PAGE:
metal-assisted chemically etched (MACE) nanowires (NWs) can form with rough outer surfaces around a solid NW core for p-type NWs, and a unique, defined mesoporous structure for highly doped n-type NWs. We used high resolution electron microscopy techniques to define the characteristic roughening and mesoporous structure within the NWs and how such structures can form due to a judicious choice of carrier concentration and dopant type. The n-type NWs have a mesoporosity that is defined by equidistant pores in all directions, and the inter-pore distance is correlated to the effective depletion region width at the reduction potential of the catalyst at the silicon surface in a HF electrolyte. Clumping in n-type MACE Si NWs is also shown to be characteristic of mesoporous NWs when etched as high density NW layers, due to low rigidity (high porosity). Electrical transport investigations show that the etched nanowires exhibit tunable conductance changes, where the largest resistance increase is found for highly mesoporous n-type Si
NWs, in spite of their very high electronic carrier concentration. This understanding can be adapted to any low-dimensional semiconducting system capable of selective etching through electroless, and possibly electrochemical, means. The process points to a method of multiscale nanostructuring NWs, from surface roughening of NWs with controllable lengths to defined mesoporosity formation, and may be applicable to applications where high surface area, electrical connectivity, tunable surface structure, and internal porosity are required.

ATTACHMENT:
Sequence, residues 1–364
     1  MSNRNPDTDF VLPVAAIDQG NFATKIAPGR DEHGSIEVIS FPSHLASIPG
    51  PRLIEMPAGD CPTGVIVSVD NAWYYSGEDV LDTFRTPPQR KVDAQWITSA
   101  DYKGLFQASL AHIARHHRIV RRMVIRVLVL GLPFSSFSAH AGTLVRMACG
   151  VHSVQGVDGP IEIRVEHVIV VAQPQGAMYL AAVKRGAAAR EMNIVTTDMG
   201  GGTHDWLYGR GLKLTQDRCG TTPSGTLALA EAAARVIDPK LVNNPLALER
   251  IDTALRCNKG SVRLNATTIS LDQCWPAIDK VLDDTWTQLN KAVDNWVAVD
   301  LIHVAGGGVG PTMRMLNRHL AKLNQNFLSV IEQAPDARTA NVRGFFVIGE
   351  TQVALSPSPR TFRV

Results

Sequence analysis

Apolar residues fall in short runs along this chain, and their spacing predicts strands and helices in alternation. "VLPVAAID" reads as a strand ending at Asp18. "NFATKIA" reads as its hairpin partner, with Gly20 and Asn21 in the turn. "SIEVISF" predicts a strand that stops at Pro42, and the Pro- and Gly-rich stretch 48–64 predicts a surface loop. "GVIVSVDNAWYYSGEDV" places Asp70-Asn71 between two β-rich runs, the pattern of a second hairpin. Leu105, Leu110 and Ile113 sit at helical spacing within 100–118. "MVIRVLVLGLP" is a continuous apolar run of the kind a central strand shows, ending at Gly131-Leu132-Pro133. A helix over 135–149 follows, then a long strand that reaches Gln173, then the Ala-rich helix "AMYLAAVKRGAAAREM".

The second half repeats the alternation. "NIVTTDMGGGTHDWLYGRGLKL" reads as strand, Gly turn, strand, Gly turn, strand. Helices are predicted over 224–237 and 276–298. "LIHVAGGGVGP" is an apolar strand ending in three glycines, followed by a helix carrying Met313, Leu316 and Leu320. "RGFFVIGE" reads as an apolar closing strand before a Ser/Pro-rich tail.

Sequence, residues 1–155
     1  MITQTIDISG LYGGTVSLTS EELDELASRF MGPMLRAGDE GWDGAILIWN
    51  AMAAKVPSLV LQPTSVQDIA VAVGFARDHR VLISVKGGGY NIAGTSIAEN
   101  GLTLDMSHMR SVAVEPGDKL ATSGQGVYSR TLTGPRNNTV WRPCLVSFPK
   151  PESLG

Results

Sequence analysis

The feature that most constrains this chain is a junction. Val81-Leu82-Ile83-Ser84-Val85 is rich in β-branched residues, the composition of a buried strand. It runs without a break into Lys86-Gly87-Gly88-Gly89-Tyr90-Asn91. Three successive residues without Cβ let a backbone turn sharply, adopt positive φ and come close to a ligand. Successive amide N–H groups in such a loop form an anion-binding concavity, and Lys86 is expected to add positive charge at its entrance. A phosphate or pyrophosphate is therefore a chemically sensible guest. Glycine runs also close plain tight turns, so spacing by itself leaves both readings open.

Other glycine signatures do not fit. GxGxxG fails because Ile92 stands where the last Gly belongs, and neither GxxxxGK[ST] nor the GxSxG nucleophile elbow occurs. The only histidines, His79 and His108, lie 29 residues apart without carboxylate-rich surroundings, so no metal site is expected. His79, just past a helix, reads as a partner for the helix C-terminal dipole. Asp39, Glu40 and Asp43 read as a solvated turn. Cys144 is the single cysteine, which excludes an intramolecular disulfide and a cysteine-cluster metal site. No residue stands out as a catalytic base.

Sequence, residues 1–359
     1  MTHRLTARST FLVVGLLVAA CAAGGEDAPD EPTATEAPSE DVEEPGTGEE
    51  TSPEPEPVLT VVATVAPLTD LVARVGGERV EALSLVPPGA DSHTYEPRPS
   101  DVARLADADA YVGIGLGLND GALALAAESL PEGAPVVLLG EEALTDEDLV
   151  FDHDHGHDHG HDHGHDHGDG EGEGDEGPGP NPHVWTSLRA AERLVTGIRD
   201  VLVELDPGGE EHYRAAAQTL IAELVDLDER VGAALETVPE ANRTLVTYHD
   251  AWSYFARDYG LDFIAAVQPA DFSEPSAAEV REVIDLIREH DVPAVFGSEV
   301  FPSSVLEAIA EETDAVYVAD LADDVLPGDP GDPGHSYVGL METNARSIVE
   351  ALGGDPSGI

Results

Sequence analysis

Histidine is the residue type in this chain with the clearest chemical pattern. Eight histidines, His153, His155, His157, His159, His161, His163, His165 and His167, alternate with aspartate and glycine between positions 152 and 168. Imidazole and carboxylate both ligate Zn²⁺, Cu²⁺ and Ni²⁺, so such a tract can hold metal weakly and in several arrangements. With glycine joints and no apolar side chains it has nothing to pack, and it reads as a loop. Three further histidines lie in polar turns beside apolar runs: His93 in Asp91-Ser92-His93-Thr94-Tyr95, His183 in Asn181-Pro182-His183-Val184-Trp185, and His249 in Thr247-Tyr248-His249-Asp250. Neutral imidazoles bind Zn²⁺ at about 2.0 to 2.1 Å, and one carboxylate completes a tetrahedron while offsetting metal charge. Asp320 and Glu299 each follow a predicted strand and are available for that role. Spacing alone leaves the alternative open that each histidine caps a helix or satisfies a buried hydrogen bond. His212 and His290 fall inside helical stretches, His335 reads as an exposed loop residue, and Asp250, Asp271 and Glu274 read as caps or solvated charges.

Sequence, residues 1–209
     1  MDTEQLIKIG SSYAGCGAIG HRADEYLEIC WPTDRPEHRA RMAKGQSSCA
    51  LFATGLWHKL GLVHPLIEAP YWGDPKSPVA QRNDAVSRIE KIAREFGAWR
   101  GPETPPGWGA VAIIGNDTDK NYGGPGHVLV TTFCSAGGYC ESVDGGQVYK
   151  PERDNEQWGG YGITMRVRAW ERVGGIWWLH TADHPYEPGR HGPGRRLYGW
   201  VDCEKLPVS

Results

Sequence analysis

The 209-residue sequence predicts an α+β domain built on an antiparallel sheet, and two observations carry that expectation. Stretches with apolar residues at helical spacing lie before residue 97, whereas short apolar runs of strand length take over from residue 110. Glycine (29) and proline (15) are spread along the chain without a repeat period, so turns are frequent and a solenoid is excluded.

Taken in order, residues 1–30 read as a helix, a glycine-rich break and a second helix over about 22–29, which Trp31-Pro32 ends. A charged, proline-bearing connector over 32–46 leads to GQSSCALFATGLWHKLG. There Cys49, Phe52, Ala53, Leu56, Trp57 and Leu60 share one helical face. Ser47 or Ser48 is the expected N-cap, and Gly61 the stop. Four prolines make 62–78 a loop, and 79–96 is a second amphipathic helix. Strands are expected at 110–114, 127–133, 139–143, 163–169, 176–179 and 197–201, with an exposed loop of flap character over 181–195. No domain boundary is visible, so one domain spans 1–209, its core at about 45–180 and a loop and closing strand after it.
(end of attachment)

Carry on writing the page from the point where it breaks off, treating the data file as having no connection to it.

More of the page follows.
Journal of Applied Physics 07/2013; 114:034309. · 2.21 Impact Factor
[show abstract][hide abstract] ABSTRACT: Microphase separation of block copolymer (BCPs) thin films has high potential as a surface patterning technique. However, the process times (during thermal or solvent anneal) can be inordinately long and for it to be introduced into manufacturing there is a need to reduce these times from hours to minutes. We report here BCP self-assembly on two different systems, polystyrene-b-polymethylmethacrylate (PS-b-PMMA) (lamellar- and cylinder- forming) and polystyrene-b-polydimethylsiloxane (PS-b-PDMS) (cylinder- forming) by microwave irradiation to achieve ordering in short times. Unlike previous reports of microwave assisted microphase segregation, the microwave annealing method reported here was undertaken without addition of solvents. Factors such as the anneal time and temperature, BCP film thickness, substrate surface type, etc. were investigated for their effect of the ordering behavior. The microwave technique was found to be compatible with graphoepitaxy and in the case of the PS-b-PDMS system long range translational alignment of the BCP domains was observed within the topographic patterns. In order to demonstrate the usefulness of the method, the BCP nanopatterns were turned into an ‘on-chip’ resist by an initial plasma etch and these were used to transfer the pattern into the substrate.